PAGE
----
Germany will not be able to meet its climate targets by increasing renewable energy production alone: energy efficiency must also be progressed. The drive towards greener buildings is creating numerous opportunities in the construction and HVAC sectors.
Renovation of the solar photovoltaic system on the roof of the Südflügel Chancellery (Federal Chancellery’s south wing) is underway in the “solar government district” of Berlin. The system generates more than 200 kilowatts at peak power. © Paul Langrock/Zenit/laif
Around 35 per cent of Germany’s final energy consumption is attributable to buildings. Old buildings are responsible for two-thirds of heat consumption in the residential sector. The country has set a target of reducing the primary energy demand of buildings by 80 per cent by 2050 compared to 2008. In order to meet these targets, the annual rate of energy retrofits in existing building stock will have to double from the current 1 per cent to 2 per cent – and that in a residential construction market already expecting around 5 per cent growth in the coming years. These figures alone illustrate the potential for innovation in the sector.
The government has made substantial efforts to increase energy efficiency in new and existing buildings via a combination of regulations and generous funding programs. Between 2006 and 2016, some 4.6m dwellings received funding for energy efficient refurbishment or construction through the CO2 building renovation program. In addition, the government has passed measures to tighten minimum energy efficiency standards in new builds by 20-25 per cent as of 2016, and to increase the share of renewable energy in heat provision to 14 per cent by 2020.
Germany invests hundreds of millions of euros annually in financing the development and promotion of refurbishment technologies such as Celitement, an environmentally-sustainable cement developed by the Karlsruhe Institute of Technology, whose production uses 50 per cent less energy and emits 50 per cent less CO2 than conventional cement. Another funded project involves the development of high-efficiency vacuum insulation panels.
»Renovation rate in residential buildings must be raised to 2%.«
project manager, Agora Energiewende
Key factors driving progress
Strong demand for new housing – especially in large urban centers – continues to buoy the sector, which is expecting five per cent revenue growth in 2017. Renovation spending by households in 2015 totaled €10.7bn (a 13 per cent increase since 2008). Energy-related expenditures in existing residential buildings likewise grew dramatically in that period, rising 28 per cent to €36.4bn. The German Energy Agency (dena) reports that heating consumption declined by around 9.7 per cent between 2008 and 2015.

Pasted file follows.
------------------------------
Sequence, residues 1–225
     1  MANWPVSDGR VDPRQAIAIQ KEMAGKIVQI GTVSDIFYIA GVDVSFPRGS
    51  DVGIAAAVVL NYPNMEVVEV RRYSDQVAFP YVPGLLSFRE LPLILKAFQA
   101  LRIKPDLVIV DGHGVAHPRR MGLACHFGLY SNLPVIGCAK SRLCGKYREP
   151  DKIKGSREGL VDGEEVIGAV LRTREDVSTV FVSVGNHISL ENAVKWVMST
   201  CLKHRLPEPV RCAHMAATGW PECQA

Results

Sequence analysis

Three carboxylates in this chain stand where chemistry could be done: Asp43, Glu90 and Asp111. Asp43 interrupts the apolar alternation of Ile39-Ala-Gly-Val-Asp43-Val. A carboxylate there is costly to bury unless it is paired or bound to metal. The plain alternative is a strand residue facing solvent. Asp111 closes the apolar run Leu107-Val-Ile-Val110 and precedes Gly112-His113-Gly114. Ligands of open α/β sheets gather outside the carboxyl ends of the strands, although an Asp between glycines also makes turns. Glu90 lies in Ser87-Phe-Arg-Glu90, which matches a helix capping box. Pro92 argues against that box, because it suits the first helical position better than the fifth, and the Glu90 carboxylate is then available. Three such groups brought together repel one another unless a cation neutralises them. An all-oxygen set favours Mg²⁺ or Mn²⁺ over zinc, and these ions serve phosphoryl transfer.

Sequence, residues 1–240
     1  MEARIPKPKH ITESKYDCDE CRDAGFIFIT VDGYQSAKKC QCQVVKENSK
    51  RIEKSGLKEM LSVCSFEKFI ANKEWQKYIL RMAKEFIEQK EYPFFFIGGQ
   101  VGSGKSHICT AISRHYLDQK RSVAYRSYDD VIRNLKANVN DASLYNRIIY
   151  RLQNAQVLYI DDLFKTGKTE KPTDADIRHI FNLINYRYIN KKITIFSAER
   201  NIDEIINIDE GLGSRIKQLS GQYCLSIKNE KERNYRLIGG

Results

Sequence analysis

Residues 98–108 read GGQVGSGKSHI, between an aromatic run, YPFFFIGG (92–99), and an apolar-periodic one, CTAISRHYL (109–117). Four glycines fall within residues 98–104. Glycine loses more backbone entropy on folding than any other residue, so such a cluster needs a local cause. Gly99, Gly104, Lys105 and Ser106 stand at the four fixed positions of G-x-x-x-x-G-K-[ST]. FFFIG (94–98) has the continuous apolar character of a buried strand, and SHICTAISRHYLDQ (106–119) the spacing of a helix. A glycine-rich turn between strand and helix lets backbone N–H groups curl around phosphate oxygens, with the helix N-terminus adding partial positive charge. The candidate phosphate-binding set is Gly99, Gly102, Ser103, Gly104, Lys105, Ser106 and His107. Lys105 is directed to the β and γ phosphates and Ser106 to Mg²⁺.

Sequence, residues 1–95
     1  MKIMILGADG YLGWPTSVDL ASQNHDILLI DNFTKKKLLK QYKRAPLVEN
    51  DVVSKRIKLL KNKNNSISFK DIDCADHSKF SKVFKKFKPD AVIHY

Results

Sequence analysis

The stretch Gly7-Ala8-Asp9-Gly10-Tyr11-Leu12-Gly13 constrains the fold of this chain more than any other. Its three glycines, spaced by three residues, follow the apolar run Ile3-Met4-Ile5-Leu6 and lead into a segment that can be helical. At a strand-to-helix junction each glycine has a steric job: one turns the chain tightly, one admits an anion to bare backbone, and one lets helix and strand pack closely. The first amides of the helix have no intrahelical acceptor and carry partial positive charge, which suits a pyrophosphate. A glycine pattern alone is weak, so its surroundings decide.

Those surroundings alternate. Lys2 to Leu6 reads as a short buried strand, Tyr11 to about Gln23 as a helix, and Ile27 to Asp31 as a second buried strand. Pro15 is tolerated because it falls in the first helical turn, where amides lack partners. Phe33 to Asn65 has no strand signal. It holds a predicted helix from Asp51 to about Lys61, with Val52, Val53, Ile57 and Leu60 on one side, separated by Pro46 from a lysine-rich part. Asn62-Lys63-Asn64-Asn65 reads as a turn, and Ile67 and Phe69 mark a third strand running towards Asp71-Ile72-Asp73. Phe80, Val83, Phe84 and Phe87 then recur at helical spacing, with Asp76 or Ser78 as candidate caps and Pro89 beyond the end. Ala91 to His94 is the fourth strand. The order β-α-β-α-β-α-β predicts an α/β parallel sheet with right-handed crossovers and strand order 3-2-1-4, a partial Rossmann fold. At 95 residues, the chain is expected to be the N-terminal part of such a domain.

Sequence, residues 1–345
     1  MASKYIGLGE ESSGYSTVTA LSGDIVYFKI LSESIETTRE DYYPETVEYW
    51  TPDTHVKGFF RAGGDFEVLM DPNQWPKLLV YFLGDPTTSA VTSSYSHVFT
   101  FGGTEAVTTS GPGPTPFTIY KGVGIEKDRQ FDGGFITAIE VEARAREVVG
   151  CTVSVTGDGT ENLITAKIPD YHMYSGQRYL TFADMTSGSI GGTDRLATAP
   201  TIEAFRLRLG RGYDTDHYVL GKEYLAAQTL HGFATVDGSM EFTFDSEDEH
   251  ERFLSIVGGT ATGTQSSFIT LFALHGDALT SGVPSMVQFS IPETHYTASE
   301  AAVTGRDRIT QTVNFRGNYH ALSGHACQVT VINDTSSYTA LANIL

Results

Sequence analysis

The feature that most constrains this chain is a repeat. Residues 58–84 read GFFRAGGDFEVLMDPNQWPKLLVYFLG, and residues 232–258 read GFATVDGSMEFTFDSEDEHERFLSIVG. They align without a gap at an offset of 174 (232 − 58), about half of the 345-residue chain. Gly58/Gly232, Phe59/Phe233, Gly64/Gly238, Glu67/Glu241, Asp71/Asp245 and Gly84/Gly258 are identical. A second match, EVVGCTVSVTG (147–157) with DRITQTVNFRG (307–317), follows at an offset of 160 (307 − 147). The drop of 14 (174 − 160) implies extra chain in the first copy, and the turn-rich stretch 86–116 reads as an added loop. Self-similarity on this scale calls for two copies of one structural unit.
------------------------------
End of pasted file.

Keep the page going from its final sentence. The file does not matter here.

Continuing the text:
Insulation measures have faced criticism that they can lead to higher rents and require the use of environmentally questionable materials, claims that are dismissed by Alexandra Langenheld, energy efficiency project manager at Berlin-based Agora Energiewende. “The true driver of cost increases is not the introduction of new efficiency standards but the demand for housing in combination with a short supply in urban areas.”
There is still much to be done in order to achieve the 2050 target. “The renovation rate in residential buildings must be raised to two per cent,” Langenheld says. The sector will only be successfully “decarbonized”, she maintains, if there is “energetic renovation of existing buildings towards the minimal standards that exist for new ones.”
The challenge ahead presents opportunities for foreign investment: “meeting climate change mitigation targets will require considerable investments in both building insulation and heating systems,” she says. Although construction and heating are both highly consolidated industries in Germany, rapid growth and the vast sums being invested in efficient construction and renovation and efficient heating systems mean the sectors are attractive for new market entrants with innovative products and services.
Solar platform Sunroof © E.ON Energie Deutschland
Energy efficiency investments
The government’s push for greater energy efficiency is creating diverse opportunities for innovative companies at home and abroad.
- U.S. tech giant Google is partnering with German utility E.ON to introduce its smart solar platform Sunroof (picture above) in Germany’s residential market.
- Norwegian company Mjøsplast (part of Strukturplast) and German high-tech polymer manufacturer Covestro have collaborated to develop polyurethane foam insulation elements that have been shown to dramatically reduce energy use in homes.
- Dutch grid operator TenneT and German solar battery manufacturer Sonnen have launched a pilot project to test power grid stabilization using Sonnen’s decentralized home energy storage systems.
- Last year Sonnen raised €76m ($82m) in a funding round that added Chinese wind turbine maker Envision to a list of shareholders that includes General Electric and Czech Inven Partners.